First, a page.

(June 2, 1915 – May 10, 1993)
Del Rey was a professional science fiction writer and editor. Del Rey is especially famous for juvenile novels, like those that comprise the Winston Juveniles, and for Del Rey Books, the fantasy and science fiction imprint of Ballantine Books, edited by del Rey and his wife Judy-Lynn del Rey.
His first stories were in the pulp magazines in the late 1930s. But he first came to prominence with his stories in Astounding Science Fiction in its golden age. After the war (after Robert A. Heinlein and Andre Norton) he was one of the major writers of sf for the YA market under his own name and his pseudonyms Erik van Lhin and Philip St. John. (He also used the pennames Wade Kaempfert and Cameron Hall.)
During 1952-53, he edited Space SF, Fantasy Fiction, Science Fiction Adventures, Rocket Stories and Fantasy Fiction His greatest success came as an editor at Ballantine Books with his final wife, Judy-Lynn del Rey where they founded Del Rey Books, in 1977.
In 1957, del Rey and Damon Knight co-edited a fanzine named Science Fiction Forum. In response to a debate about symbolism within the magazine, he accepted Knight's challenge to write an analysis of James Blish's story "Common Time" that showed the story was about a man eating a ham sandwich.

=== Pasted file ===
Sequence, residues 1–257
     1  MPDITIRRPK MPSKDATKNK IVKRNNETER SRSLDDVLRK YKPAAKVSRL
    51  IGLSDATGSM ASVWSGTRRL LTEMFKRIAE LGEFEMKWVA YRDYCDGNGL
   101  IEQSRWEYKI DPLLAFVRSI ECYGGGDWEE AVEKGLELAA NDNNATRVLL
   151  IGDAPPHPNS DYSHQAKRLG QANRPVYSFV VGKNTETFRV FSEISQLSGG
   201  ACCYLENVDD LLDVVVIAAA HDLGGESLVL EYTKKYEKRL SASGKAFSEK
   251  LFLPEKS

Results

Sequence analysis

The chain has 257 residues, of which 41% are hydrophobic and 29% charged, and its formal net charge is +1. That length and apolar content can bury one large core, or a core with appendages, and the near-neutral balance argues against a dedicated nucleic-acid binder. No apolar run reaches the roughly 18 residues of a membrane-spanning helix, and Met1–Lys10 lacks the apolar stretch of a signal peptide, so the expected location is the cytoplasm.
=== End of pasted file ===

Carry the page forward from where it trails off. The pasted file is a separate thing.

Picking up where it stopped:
Other Awards, Honors and GoHships:
- 1959 — Lunacon 3
- 1971 — Marcon 6
- 1972 — Skylark Award
- 1975 — Fan Fair III
- 1976 — Fellow of NESFA
- 1985 — coveted Balrog Award
- 1990 — SFWA Grand Master Award
According to Wikipedia: Del Rey often told people that his real name was Ramon Felipe Alvarez-del Rey (or sometimes even Ramon Felipe San Juan Mario Silvio Enrico Smith Heartcourt-Brace Sierra y Alvarez del Rey y de los Uerdes). He also claimed that his family was killed in a car accident during 1935. However, his sister has confirmed that his name was really Leonard Knapp and that while the accident in 1935 killed his first wife, his parents, brother, and sister were not killed in the accident.